26. Hollace says:

    You will have the most amazing fall decorations with your pumpkins! I can just see the 2013 calendar, borders of pumpkin vines everywhere. Pumpkin recipes, yum yum!

  27. DeAnna Passmore says:

    DH and I have a large garden! We can most of the food from there for the winter! I love opening a jar of veggie soup on a cold winter day and smelling my garden all over again! Thanks for such a great blog Susan! You’re super!

  28. Laura Croyle says:

    Can hardly wait to see how the pumpkins turn out! We had volunteers come up in our compost pile one year and they were a cross between a pumpkin and acorn squash! Kinda’ funny looking!

  29. Sandra Gillanders says:

    Wow, I had no idea how much fun composting is…. I had better get started right now. Wonderful that your sprung a mystery vegetable, hope it’s pumpkins. They will look so cute growing all over the place and you won’t have any shortage for fall decor. I thought composting involved worms and a bin and I was sure if I tried I would end up with a big smelly mess the neighbors would hate ( and me too!). Going to find out more about it at link you provided. I’m on septic so all my waste goes into garbage, what a waste. I could be enjoying lovely compost that I’m paying for now. Thank you so much! It’s such a treat to visit your yard via blog. xoxo

  30. Angie(Tink!) says:

    Good Afternoon Farmer Sue! lol Omggggggggggggg I Love this Newest “Blog” Post…I just read it Out Loud to Herbster…omg We Can Relate…We Too are “Farmers” 🙂 We Live in a Town~House so Our Yard Is “Limited” in Sapce to Plant… Herbster is a Brilliant Gardener…& He Plants Many things in Pots…& Raised Beds too…lol We Have 4 Tomatoe Plants & Herbster Has Every Herb one can Grow (It is His Name)lol & for 7 Years Taylor & I Have Dreamed of growing Our Very Own Pumpkin~Patch…I even Save The Seeds from Every Jack~O~Lantern We have Carved…but alas… Papa Herb tells us that We do not have the Room to grow Our Own Pumpkin~Patch :*-( Poor Us…lol but when I showed Herbster Your Gorgeous Pics He Said…Yep That Looks Like a Pumpkin~Patch! Oh Sweet Sue You are gonna Have The Best Pumpkins for this Autumn! & I Love that Pic with your cute little Pumpkins sitting in The Snow…”Frost on The Pumpkins” omggggggg…it Reminds me of this quote from Your Magical “Autumn” Book…Page 52…”My Favorite Word is “Pumpkin”. You are a Pumpkin. or Your are Not. I Am” (Harrison Salisbury) Brilliant! & I Know You are Sweet Sue & So Am I! (Pumpkins!) :-)Yay! Twirling in Your Magical Pumpkin~Patch!…& Via You…”To Plant a Seed is a Hopeful Deed” ahhhhhhhhhhh Thanks for putting a Huge Smile on My face Today! Love & Hugzzzzzzz & Friendship Everyday Sue! ( & a Little Orange Pixie~Dust for Your Pumpkin~Patch!) xoxo Poof!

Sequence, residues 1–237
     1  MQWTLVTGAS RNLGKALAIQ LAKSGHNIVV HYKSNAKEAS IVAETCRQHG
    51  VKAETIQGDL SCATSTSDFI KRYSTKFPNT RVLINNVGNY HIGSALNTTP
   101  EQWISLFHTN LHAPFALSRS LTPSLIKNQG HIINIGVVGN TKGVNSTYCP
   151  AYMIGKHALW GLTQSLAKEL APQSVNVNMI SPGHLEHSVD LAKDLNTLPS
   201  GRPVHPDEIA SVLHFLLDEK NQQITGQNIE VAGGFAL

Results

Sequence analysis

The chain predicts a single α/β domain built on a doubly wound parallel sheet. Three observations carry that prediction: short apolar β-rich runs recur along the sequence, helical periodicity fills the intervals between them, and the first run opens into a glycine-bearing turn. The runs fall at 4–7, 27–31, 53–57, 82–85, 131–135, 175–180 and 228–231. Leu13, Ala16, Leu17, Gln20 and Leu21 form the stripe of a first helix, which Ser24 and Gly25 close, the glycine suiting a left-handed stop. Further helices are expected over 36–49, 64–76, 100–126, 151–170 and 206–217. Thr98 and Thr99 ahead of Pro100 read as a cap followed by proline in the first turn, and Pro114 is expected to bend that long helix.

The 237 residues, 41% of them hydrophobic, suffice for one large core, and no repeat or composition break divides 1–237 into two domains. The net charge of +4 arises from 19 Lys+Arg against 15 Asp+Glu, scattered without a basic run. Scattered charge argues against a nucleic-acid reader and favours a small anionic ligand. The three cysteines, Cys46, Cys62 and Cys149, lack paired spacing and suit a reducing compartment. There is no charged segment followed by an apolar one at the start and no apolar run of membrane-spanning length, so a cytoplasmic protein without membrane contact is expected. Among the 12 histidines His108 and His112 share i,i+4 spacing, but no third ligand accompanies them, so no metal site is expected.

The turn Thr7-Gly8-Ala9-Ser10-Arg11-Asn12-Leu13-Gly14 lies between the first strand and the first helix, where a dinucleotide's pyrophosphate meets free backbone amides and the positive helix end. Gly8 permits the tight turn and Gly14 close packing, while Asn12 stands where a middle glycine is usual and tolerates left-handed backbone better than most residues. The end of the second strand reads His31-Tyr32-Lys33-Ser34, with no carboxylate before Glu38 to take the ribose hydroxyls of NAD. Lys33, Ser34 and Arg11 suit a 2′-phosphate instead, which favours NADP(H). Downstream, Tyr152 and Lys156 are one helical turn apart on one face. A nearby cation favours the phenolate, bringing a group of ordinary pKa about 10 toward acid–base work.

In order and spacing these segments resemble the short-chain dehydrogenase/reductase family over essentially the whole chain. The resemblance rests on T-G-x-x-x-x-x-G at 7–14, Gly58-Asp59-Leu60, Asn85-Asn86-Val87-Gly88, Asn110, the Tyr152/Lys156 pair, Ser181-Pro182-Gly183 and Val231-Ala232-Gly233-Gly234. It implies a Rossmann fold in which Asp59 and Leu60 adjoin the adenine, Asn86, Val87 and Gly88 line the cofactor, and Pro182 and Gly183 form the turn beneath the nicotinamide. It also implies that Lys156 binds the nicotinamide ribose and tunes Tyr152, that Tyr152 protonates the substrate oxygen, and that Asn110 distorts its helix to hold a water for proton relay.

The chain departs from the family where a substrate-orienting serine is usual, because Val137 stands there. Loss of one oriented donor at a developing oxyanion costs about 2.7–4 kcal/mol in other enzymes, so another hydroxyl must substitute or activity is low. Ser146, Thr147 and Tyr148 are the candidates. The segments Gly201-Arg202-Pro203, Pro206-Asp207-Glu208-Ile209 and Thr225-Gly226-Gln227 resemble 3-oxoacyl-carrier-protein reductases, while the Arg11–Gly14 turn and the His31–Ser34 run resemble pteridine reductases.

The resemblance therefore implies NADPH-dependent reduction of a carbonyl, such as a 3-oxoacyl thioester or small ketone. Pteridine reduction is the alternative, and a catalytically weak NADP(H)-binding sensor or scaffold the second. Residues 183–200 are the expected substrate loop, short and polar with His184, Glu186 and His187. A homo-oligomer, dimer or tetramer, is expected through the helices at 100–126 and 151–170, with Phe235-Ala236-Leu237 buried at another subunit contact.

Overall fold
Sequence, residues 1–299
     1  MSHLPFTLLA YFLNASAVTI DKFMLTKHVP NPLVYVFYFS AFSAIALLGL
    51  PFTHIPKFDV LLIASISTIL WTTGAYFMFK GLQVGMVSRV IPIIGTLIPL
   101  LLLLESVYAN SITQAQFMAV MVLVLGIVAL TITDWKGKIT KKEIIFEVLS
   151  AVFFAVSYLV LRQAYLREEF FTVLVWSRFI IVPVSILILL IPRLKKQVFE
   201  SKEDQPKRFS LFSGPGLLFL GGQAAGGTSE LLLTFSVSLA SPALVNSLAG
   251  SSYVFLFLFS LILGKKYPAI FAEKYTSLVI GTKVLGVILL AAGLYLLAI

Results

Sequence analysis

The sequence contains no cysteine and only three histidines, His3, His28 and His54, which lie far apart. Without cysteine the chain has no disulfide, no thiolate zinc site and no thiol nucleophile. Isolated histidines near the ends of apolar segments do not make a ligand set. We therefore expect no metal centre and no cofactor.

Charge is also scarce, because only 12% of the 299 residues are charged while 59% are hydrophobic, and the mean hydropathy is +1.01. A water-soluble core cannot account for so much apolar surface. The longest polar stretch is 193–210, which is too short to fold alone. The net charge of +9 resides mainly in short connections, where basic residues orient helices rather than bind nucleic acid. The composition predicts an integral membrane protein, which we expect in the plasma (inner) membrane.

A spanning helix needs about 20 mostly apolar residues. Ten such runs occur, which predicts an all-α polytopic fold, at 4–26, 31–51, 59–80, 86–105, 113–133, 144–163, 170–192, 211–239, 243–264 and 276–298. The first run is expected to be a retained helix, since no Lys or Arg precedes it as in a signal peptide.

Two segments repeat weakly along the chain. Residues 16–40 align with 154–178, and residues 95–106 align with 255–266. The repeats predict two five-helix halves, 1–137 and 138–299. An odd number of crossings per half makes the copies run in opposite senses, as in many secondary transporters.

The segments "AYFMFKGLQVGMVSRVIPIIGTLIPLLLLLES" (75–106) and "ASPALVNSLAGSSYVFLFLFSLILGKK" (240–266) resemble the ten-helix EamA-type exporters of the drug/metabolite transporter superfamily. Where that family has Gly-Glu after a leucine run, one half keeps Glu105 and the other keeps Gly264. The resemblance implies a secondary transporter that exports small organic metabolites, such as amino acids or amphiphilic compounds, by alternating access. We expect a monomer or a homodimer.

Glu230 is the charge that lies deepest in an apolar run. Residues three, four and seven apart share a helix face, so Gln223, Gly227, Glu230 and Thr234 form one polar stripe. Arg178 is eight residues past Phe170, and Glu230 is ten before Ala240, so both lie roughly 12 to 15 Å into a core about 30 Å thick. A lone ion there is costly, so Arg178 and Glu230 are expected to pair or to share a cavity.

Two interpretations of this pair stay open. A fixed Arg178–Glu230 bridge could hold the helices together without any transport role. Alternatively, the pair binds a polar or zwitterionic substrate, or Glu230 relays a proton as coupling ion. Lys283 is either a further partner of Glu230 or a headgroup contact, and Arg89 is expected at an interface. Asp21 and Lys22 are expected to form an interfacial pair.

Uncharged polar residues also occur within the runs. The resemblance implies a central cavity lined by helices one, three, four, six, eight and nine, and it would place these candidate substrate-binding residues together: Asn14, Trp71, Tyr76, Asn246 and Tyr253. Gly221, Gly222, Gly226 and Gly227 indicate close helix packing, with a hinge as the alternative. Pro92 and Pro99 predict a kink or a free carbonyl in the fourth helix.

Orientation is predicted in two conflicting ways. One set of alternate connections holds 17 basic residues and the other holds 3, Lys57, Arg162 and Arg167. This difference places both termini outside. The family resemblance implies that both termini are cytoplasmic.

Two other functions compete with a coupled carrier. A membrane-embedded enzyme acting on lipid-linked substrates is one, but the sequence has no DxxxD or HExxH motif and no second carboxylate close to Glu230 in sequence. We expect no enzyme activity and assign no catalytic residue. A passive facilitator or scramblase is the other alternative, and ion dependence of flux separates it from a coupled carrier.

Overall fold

• Kimi says:

      Hope someday Angie you get your patch’ oh pumpkins!!! part of the fun is waiting for the day to happen! For some reason pumpkins makes one smile.
      Must be the color~smell~&seeds.

  31. F. says:

    Does your fence keep the animals out of the garden, is it tall enough? Everything I plant gets eaten and I have wondered about doing a kitchen garden a la Susan Branch :), but worry if it is tall enough to do the trick. We have deer, tons of bunnies, raccoons, etc… and they eat everything.

    • sbranch says:

      We don’t have deer because we live in a neighborhood, which is a biggie, and Joe added about two feet high chicken wire around the inside bottom of the fence and that works great keeping out the bunnies. Raccoons in our neighborhood are having too much fun playing in the trash to worry about the garden. So our garden just relies on beetles and tomato worms to destroy it. In California, there are gophers, the scourge of the west. We had deer there too, but I made a mixture of cayenne and liquid soap and put it on the roses they’d been feasting on the night before, I don’t know if this was why, but they never came back.

  32. Mary Alice says:

    Those look like pumpkin leaves to me!
    I’m not a farmer, but a first grade teacher. We know a lot about pumpkins!

  33. Gumbo Lily says:

    When you start stuffing zucchini in peoples’ mailboxes, you know you’ve got too many plants. Love your pumpkin patch compost pile!

  34. mari1017 says:

    Love the post! My neighbor has a pumpkin vine that did the exact same thing but… he has so much growing that he didn’t notice at first that… it went around the back of the garage and is running in the space between the yards behind the garages – it’s almost to the end of the block 3 houses away now! it’s very healthy, and he hopes to harvest the pumpkins in the fall 🙂

    thanks for always brightening our days with a new and fun blog posts and pix!

  35. Pat Mofjeld says: